THE NUMBER OF homicides in Barbados has decreased over the last five years, with 32 being recorded in 2010; 30 in 2011; 22 in 2012; 25 in 2013 and 21 in 2014.
In addition, the island continues to have one of the lowest murder rates in the Caribbean, with approximately 130 murders being recorded between 2000 and 2014, and an average of 9.7 murders being committed per 100 000 persons.
These were among the findings revealed during the release of an Updated Homicide Study by the Criminal Justice Research and Planning Unit (CJRPU) at Almond Bay yesterday morning.
However, senior research officer with the CJRPU, Kim Ramsay, said that statistics also showed that 42 per cent of all homicides were as a result of guns, a trend observed as far back as the early 1990s, and which continues to be the most common method used today.
She explained that in the 1980s, knives were the most popular weapon of choice for committing murder.
However, from 1992, guns became the popular method of committing murder, a factor that continues to increase, while the incidence of murders committed with the use of a knife continues to decline.
Statistics from the 2010 to 2014 study revealed that 42 per cent of all murders were committed with a gun; 29 per cent with knives; seven per cent through the use of a blunt object; and five per cent by arson.
In addition, four per cent of murders were caused by strangulation; three per cent by the use of a cutlass; two per cent by beatings; and another two per cent through unknown methods.
Ramsay further pointed out that of the 27 murders committed to date for 2015, more than half involved the use of a firearm.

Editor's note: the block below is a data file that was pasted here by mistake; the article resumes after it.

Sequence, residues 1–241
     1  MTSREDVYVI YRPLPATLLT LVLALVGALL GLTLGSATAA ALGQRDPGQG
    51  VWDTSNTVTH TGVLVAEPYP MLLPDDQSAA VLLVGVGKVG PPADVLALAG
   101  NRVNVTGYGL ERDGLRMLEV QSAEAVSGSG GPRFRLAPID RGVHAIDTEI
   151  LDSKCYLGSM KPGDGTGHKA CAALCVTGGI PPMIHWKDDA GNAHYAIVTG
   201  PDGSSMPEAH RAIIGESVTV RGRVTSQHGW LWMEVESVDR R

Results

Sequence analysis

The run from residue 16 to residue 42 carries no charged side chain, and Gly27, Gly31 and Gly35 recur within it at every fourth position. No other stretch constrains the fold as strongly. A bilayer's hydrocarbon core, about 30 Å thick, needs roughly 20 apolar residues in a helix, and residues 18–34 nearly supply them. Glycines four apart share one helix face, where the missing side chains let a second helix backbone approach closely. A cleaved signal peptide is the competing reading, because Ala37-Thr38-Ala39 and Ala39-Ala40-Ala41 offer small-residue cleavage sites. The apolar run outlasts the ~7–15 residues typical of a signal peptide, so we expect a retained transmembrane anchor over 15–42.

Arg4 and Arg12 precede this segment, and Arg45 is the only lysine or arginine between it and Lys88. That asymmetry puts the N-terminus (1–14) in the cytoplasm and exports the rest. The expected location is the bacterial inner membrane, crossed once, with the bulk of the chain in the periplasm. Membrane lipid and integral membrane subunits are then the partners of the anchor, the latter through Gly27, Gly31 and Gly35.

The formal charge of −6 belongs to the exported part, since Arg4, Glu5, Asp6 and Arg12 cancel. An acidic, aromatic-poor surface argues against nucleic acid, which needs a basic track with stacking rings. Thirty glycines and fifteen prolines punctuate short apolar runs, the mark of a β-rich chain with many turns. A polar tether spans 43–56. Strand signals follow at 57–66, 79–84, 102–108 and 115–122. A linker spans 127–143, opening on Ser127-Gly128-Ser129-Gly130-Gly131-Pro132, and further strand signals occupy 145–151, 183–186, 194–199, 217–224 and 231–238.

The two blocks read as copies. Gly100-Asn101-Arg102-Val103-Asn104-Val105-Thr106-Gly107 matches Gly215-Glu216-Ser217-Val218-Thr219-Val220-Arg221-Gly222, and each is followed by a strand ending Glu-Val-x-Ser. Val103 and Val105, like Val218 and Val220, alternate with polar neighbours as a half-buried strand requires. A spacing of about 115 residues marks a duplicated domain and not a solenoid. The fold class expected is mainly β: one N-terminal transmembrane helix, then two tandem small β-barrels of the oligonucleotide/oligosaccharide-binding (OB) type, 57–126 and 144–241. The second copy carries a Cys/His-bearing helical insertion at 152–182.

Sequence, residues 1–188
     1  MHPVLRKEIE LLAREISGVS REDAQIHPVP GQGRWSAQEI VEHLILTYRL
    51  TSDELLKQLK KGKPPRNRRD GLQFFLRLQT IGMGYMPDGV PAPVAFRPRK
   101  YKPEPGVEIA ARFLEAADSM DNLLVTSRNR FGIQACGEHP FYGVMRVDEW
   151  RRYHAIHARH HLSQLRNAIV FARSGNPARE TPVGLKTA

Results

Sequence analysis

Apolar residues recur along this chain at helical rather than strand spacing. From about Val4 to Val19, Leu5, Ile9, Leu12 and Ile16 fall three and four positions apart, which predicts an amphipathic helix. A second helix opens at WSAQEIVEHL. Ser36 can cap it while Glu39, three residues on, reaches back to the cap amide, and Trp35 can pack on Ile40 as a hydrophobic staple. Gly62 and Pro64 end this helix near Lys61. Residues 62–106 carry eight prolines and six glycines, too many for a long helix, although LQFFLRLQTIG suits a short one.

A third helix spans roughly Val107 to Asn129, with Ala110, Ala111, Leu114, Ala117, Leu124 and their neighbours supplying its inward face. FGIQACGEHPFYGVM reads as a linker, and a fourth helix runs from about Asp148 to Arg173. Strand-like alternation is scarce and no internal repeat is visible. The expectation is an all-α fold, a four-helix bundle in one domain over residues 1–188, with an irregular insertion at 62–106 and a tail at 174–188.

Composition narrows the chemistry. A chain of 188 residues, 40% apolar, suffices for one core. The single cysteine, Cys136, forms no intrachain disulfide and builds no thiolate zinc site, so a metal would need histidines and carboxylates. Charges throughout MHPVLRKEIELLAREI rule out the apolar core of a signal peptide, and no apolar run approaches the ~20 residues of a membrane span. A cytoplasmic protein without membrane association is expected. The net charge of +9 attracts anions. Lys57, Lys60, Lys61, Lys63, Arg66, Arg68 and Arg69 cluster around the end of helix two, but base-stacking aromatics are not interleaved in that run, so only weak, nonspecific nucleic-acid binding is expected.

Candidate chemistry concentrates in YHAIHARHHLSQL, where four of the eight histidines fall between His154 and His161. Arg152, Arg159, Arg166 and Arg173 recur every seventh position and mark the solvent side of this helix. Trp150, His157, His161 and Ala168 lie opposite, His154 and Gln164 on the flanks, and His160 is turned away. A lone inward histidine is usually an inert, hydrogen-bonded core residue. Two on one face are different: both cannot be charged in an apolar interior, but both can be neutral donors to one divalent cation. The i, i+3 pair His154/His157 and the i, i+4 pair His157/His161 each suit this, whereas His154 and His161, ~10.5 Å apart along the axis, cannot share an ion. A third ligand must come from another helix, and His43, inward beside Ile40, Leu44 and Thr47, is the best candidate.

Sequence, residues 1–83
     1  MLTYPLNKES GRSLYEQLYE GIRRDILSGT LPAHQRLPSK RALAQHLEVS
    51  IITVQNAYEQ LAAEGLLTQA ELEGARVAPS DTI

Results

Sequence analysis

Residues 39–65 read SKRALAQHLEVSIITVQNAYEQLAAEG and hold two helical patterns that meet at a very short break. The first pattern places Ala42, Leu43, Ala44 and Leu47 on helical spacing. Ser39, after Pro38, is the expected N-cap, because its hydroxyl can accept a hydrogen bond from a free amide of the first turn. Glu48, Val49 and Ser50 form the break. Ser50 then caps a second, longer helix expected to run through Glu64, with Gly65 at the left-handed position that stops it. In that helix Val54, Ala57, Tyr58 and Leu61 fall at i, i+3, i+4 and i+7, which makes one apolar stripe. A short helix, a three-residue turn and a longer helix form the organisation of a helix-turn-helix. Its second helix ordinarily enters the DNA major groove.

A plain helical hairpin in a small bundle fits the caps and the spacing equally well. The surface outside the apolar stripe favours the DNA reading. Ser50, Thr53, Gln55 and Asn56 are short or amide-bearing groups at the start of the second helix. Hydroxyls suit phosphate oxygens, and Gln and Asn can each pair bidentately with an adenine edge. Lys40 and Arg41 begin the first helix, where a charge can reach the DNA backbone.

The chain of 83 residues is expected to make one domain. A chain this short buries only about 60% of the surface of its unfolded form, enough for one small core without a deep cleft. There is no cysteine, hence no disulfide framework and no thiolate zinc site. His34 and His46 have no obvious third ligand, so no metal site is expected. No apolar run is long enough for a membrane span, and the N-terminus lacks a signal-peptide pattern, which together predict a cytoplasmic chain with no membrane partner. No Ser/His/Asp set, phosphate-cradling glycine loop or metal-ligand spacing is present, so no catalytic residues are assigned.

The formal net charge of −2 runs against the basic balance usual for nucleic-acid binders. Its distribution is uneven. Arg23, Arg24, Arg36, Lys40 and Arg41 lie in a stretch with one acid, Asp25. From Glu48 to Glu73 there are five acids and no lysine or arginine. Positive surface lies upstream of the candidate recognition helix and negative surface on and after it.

“We do have a problem with firearms. We are at a crisis stage and it is because of the easy availability of firearms,” Ramsay indicated, adding that this phenomenon represented a worldwide trend.
The senior research officer also noted that “one off” arguments and burglaries were often the main circumstances related to murders being committed in the island, while approximately ten per cent were drug-related.
“Most disputes are related to some kind of conflict between one person and another. Ongoing feuds are those that are between groups of persons but not necessarily gang-related, so you may have a person in conflict with someone from another group and it escalates into violence,” she explained.
She added that most homicide victims were young adults, with one in three being between the ages of 20 and 29 years. That figure decreases to a quarter between the ages of 30 and 39, and declines further as the person gets older. However, the Royal Barbados Police Force came in for high praises, having solved 95 per cent of murders committed between 2010 and 2014. (BGIS)